Technological innovation in oil-palm farming could help both to boost yields of palm oil and to reduce deforestation, but only if higher productivity causes palm-oil prices to drop sufficiently to discourage additional cultivation (see Nature 543, 306–308; 2017). If prices stay high, the demand for land is likely to go up in the push for ever-larger profits.

Models that integrate economic and biophysical processes (IMPACT: see project a near doubling of oil-palm acreage in the next 40 years, an expansion compatible with the additional 19.3 million hectares estimated for sustainable oil-palm cultivation in the future (J. Pirker et al. Global Environ. Change 40, 73–81; 2016). The widespread adoption of a technology that could, say, double the production of cheaper oil stands to reduce these land requirements markedly.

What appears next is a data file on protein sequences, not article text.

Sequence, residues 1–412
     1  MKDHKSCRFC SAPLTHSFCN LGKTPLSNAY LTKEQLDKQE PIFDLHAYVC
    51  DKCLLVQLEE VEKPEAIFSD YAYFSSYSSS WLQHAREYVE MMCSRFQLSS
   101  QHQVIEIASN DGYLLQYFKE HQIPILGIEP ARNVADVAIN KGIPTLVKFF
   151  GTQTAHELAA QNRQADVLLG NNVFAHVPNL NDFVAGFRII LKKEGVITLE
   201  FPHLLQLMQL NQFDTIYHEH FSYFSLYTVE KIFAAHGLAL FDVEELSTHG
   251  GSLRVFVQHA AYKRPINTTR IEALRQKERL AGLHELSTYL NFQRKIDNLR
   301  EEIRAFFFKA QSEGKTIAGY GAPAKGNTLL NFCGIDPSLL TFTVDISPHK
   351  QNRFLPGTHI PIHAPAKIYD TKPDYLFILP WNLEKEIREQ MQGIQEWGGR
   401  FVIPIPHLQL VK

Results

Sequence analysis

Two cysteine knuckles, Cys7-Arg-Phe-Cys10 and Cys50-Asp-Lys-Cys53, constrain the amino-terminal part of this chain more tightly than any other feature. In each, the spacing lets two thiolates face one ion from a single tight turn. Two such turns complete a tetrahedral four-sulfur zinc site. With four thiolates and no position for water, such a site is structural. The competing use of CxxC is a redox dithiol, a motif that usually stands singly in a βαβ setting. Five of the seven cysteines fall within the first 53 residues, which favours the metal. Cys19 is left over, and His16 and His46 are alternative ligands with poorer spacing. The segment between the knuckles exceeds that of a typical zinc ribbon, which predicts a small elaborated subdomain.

However, the processes of innovation, adoption and market adjustment are not instantaneous or uniform across farmers and regions. During the transition, early adopters of innovative technologies will gain a competitive advantage, and thus an incentive to expand their cultivation area — potentially at the expense of environmentally sensitive land. Yield-boosting innovations should therefore be accompanied by careful monitoring and regulation of land conversion.